The cross-disciplinary training program for a group of students from different domains working on a unique project, is a new concept that has never existed before. In addition, for the first time ever, university has granted these students (although from different departments) to present their MSc graduation projects together as a single project in front of a larger technical committee to cover all the disciplines.
Energy4me, SPE’s energy education outreach programme, will invite 50 U.A.E. Educators will receive hands-on training by qualified SPE facilitators, listen to a presentation from a prominent keynote speaker, and tour the ATCE exhibition. Additionally, educators will receive a variety of free instructional materials to take back to their classrooms. There is no cost for teachers to attend the workshop. SPE is educating the next generation of aspiring engineers, scientists and managers in the E&P industry.
Godfrey Edezu was born in the rural village of Ayivu, Maracha district, Uganda. He attended primary and secondary school education in the rural settings and later joined Nkumba University to pursue a Bachelor of Science in Petroleum and Minerals Geosciences. His decision to study Geosciences was deeply rooted in earlier inspirations by the science teachers and fascinations to understand the extraction of natural resources from the earth.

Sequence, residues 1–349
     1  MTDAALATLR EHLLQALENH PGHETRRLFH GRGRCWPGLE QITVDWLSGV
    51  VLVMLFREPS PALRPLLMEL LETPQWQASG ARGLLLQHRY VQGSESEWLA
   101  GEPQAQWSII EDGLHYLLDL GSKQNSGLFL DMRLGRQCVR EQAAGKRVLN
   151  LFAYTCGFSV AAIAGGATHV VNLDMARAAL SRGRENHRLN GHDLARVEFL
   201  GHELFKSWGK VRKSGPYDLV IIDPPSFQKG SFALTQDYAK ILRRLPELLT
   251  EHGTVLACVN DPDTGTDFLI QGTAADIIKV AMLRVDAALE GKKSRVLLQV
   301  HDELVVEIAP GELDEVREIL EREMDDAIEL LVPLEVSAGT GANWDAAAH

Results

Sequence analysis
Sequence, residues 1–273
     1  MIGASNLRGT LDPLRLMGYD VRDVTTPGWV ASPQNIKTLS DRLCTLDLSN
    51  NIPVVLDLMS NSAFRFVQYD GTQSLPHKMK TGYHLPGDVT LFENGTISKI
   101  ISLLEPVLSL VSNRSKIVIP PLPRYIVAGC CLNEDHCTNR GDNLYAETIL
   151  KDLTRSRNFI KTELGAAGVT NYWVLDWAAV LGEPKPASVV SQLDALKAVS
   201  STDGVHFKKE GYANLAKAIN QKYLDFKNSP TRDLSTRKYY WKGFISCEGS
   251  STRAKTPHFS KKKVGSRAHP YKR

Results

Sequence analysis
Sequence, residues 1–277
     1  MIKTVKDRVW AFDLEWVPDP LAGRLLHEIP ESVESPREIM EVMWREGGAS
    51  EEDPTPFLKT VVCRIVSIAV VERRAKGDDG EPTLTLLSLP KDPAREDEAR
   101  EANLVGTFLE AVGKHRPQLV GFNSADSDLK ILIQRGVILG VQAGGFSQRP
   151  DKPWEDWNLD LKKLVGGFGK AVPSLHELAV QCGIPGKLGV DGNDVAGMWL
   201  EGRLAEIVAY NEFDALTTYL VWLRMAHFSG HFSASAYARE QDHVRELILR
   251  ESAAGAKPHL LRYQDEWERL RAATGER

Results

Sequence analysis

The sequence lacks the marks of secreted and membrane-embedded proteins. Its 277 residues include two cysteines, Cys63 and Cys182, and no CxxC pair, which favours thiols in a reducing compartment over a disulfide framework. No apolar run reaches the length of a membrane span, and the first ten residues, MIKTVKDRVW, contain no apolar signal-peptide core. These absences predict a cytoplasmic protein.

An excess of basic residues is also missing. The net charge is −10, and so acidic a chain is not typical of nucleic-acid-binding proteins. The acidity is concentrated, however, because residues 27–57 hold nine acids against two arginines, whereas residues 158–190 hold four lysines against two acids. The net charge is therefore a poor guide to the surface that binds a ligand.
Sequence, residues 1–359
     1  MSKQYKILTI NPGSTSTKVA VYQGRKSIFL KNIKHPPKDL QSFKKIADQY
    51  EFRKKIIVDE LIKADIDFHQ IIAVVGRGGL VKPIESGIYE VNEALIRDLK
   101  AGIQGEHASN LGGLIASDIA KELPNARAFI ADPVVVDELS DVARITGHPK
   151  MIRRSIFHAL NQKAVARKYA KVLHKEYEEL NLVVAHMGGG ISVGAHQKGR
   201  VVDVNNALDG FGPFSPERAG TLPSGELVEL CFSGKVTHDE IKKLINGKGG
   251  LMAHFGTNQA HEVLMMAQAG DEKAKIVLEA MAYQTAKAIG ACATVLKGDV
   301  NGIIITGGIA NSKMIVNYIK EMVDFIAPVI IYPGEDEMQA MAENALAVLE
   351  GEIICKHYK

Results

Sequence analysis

Energy4me, SPE’s energy education outreach programme, will invite 50 Khazak science teachers (grades 9–12) to attend a free, one-day energy education workshop. Educators will receive hands-on training by qualified SPE facilitators, listen to presentations from prominent keynote and young professional speakers. In addition, Educators will receive a variety of free instructional materials to take back to their classrooms. There is no cost for teachers to attend the workshop. A keynote speaker will present the role of energy in our everyday lives, followed by a brief question and answer period.
Researchers at OU have received $2.5 million of US Department of Energy funding for a three-phase study to develop technologies to increase power production from geothermal wells. The geothermal development research site in Southern California sits on the US Navy’s largest single landholding. For the first time, the University of Oklahoma has offered a Human Factors in Oil and Gas Operations class. The offered course fulfilled the mission of training petroleum engineering students to make an impact on oil and gas industry.